It’s easy to assume that everyone in academia shares the same values and principles when it comes to academic integrity in the classroom. No one enters graduate school thinking that they would plagiarize, cheat, or falsify data. Yet students and faculty often find themselves in difficult situations that they may not be able to resolve by themselves.
Virginia Tech has several honor codes and academic policies that help reduce ambiguities, set standards that may guide student and faculty actions in the classroom, and delineate a course of action should infractions happen.
The Graduate Honor Code requires that all graduate students exercise honesty and ethical behavior in all their academic pursuits at Virginia Tech, whether these undertakings pertain to study, course work, research, extension, or teaching. The code defines four types of violations:
- Cheating: giving or receiving of any unauthorized aid, assistance, or unfair advantage in any form of academic work.
- Plagiarism: a specific form of cheating; the copying of the language, structure, idea, and/or thoughts of another and claiming or attempting to imply that it is one’s own original work. It also includes the omitting of quotation marks when references are copied directly, improper paraphrasing
- Falsification: forgery, fabrication or misrepresentation, orally, in writing, or via electronic media, any circumstance relevant to academic work, credentials, official records or documents, or data.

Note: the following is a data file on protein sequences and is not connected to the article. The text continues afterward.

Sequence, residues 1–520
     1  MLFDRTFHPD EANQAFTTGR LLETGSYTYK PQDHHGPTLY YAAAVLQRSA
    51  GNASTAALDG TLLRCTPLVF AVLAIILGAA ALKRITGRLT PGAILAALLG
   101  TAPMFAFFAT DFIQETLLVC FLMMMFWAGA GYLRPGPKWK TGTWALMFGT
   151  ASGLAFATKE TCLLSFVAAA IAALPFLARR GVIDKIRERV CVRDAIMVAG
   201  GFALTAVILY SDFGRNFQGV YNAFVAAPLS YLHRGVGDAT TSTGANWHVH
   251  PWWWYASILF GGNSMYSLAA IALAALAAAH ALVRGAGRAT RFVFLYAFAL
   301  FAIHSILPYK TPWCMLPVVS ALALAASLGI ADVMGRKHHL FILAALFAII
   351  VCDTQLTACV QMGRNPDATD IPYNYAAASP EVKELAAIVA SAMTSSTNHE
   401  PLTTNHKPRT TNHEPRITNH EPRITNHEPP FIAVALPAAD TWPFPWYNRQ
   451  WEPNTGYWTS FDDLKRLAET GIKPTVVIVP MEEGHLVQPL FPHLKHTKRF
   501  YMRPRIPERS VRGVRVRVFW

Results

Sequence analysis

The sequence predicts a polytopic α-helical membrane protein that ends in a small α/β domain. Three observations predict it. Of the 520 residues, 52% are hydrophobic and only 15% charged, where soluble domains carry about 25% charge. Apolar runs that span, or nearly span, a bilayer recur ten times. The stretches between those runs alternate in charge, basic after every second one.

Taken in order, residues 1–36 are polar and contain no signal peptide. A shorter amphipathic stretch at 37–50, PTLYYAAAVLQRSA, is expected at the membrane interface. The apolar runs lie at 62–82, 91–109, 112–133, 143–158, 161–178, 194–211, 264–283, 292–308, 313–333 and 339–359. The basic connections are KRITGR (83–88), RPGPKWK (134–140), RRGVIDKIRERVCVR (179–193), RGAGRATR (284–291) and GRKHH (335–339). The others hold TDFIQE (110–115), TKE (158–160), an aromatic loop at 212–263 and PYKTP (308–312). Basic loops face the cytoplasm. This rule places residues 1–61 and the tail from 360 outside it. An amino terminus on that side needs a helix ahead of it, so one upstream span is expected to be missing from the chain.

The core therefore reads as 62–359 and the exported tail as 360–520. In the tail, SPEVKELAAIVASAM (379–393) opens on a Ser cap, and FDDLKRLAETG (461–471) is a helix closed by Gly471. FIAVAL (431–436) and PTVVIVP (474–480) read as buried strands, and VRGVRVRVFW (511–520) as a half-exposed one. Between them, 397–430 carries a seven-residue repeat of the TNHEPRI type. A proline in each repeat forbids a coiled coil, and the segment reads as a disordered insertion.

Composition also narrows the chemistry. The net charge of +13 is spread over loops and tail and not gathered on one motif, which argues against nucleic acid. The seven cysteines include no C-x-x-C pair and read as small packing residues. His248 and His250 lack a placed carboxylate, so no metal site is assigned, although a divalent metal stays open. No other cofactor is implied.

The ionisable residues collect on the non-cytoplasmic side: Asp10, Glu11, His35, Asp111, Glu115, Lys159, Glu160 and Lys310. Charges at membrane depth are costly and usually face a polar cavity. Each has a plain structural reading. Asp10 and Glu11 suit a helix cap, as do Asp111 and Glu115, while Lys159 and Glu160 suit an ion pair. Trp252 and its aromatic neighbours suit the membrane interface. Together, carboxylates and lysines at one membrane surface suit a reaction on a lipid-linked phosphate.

- Academic sabotage: purposeful vandalism directed against any academic endeavor or equipment.
To see / hear translations of the Graduate Honor Code, see below:
Another resource to teach students about academic integrity is through activities, such as this student-created One-Act Play.
The Faculty Handbook and the undergraduate course catalog and academic policies outline instruction-related expectations and standards.
- Grading: All grades are to be based on established grading criteria and not on personal conduct or opinions unrelated to academic standards. A student may not do extra work to raise his/her grade. Instructors are expected to adhere to principles of professionalism, fairness, and clear communication when assigning grades. This includes consistent treatment of all students in the class; clear evaluation criteria; timely return of graded work to the student; sufficient performance feedback; and attention to fair and reasonable measures of course content and student performance.
- Reporting suspected violations: It is the obligation of all members of the academic community to report alleged violations of the Undergraduate or Graduate Honor Code.
- Student-instructor relationships
- Faculty-authored course materials
For a list of courses that address ethics and academic integrity as a part of their content, please see this list: Ethics_Courses_VT.